"Doing what??" Kristin stared at me.

"Yeah, ok, he was just like," and I screwed up my face and voice into my best Bradley purse: "He was like 'Sometimes, when I get really lonely, I shave one of my legs, so it feels like I'm sleeping with someone else.'"

Kristin collapsed onto the rug with an "Oh my god" or three.

"You're kidding," Kara said, her mouth open.

"When I write my massage-spa TV pilot, that's gonna be a headliner," I said.

We discussed the camera in the break room, and the backasswards scheduling policies, and the celebs we'd worked on and what they were like, and the crap pay, and generally talked some good old-fashioned shit.

I watched everyone get a little tipsy, sticking to my water with a twist of lime, changing how I sat every few minutes when some part of my burn started complaining too much.

"You okay? You look fidgety," Annie said.

"Oh, I burned at the beach on Friday," I said. "I put on sunscreen literally every 45 minutes, but I was out for like 4 hours, and it was only 15 SPF, so..."

"Yeah, this Southern California sun'll get ya every time," Jack, another therapist (and that elusive character, The LA Native) said.

"Yeah, you could totally get away with that in Chicago, it's crazy," Annie said.

A cake was brought out, and we sang happy birthday -- I changed keys half way through -- and the party started prepping for an adventure to the nearby clubs and bars with dance floors. Annie and I agreed it was a good time to take off, since we both had to work in the morning, so we started making goodbye rounds.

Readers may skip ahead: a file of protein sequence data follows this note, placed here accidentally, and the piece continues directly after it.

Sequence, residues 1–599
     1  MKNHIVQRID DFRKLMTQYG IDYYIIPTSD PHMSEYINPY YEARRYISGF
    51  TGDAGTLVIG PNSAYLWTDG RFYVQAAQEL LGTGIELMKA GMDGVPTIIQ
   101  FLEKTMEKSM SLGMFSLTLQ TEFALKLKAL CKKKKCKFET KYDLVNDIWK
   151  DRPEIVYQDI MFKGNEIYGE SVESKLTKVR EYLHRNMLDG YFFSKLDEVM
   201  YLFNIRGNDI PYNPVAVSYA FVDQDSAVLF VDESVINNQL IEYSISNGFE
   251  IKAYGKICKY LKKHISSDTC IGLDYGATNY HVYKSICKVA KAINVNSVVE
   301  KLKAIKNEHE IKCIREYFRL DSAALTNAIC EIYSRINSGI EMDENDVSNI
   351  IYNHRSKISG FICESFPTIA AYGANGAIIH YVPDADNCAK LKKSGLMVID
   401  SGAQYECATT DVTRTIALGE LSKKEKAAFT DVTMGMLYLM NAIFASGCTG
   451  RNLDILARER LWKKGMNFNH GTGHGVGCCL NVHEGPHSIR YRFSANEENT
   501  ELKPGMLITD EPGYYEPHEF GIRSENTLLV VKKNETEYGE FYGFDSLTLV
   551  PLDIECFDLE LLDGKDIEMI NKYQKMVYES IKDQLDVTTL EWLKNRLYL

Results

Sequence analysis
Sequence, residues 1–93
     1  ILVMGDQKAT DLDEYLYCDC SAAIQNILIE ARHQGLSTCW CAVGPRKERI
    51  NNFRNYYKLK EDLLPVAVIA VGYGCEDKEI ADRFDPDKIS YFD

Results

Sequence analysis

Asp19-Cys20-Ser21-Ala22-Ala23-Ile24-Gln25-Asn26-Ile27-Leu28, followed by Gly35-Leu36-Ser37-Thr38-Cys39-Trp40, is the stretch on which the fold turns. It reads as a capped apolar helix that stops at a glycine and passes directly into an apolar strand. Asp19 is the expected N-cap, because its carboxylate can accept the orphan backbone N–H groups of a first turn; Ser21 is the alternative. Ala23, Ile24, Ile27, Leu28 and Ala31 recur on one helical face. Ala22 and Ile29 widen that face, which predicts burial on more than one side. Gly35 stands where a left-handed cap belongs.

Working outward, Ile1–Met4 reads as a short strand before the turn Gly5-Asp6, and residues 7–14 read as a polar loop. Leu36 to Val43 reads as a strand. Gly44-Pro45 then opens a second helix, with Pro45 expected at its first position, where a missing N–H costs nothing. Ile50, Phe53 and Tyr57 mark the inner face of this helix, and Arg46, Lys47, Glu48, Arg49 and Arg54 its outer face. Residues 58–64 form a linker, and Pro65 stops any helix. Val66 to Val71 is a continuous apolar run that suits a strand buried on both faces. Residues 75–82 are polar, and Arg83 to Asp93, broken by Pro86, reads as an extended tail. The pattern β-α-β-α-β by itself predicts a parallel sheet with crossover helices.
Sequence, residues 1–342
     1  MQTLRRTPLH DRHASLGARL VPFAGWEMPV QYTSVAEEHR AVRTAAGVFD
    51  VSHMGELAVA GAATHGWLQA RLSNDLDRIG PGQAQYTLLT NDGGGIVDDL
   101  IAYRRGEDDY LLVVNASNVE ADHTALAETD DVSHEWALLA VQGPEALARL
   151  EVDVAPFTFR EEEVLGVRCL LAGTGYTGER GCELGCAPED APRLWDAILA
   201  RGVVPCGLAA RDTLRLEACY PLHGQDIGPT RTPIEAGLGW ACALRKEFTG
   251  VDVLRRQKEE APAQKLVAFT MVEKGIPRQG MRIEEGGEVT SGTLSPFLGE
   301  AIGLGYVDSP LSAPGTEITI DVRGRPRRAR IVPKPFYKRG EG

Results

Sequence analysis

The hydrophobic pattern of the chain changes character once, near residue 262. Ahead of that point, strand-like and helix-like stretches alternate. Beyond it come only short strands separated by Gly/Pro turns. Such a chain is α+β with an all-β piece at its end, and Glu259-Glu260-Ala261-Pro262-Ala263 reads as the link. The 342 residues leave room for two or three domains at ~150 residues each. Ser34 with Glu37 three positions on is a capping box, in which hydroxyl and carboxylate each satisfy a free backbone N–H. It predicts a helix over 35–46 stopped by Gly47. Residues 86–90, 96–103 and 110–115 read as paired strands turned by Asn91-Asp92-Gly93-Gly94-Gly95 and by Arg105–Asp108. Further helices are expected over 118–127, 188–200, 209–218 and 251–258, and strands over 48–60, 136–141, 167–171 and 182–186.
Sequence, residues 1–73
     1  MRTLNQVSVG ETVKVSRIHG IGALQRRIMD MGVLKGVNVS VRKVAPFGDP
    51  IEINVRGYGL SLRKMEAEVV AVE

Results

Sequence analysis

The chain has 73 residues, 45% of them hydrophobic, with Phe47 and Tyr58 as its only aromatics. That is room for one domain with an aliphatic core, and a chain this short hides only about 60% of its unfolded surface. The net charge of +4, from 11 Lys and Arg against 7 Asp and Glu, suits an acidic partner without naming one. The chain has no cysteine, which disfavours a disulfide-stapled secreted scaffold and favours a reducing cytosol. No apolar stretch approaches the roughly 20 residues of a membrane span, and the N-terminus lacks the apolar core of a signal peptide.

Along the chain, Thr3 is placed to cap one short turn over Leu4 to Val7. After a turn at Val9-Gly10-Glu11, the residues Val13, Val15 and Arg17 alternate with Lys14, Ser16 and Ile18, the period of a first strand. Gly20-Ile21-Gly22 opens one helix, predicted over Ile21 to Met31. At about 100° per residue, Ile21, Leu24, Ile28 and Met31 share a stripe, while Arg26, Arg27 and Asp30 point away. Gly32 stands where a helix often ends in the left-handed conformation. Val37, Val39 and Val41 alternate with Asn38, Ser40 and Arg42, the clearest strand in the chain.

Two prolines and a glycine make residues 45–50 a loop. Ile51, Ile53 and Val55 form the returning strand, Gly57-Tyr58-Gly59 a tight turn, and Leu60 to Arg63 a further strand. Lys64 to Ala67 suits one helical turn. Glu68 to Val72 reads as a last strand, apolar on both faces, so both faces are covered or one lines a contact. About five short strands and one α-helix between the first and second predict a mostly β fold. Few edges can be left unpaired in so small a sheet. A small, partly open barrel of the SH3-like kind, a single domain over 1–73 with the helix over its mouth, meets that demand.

I tried to hide my cringe when Jack squeezed my scorched back in a surprising friendly embrace (he'd said once, at work, that he's not a hugger), and I wished Janine some awesome birthday dancing. Everyone hugged me, some more tightly, more comfortably than others, but the intentions were uniformly sweet.

Annie seemed to have been caught in an apologizing loop (for not being able to go to the club, for not bringing food in addition to booze, for apologizing...), so I called to her from the door and waved, giving her an excuse to break off her sorrys.

I walked in my ridiculous heels back to the car with her, and we wound our way through the Los Angeles freeways toward Echo Park, hitting a wicked patch of traffic (at 11pm!), and making a few wrong turns before she deposited me safely at my door.